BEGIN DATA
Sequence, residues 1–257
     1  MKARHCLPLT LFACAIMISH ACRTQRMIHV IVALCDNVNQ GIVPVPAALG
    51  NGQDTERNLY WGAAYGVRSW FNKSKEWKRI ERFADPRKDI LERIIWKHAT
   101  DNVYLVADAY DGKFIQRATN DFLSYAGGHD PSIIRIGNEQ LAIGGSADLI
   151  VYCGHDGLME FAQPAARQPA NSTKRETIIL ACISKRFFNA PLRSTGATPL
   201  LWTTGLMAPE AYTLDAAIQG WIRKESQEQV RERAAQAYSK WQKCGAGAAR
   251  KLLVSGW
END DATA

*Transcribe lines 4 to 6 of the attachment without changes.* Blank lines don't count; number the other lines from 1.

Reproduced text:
   101  DNVYLVADAY DGKFIQRATN DFLSYAGGHD PSIIRIGNEQ LAIGGSADLI
   151  VYCGHDGLME FAQPAARQPA NSTKRETIIL ACISKRFFNA PLRSTGATPL
   201  LWTTGLMAPE AYTLDAAIQG WIRKESQEQV RERAAQAYSK WQKCGAGAAR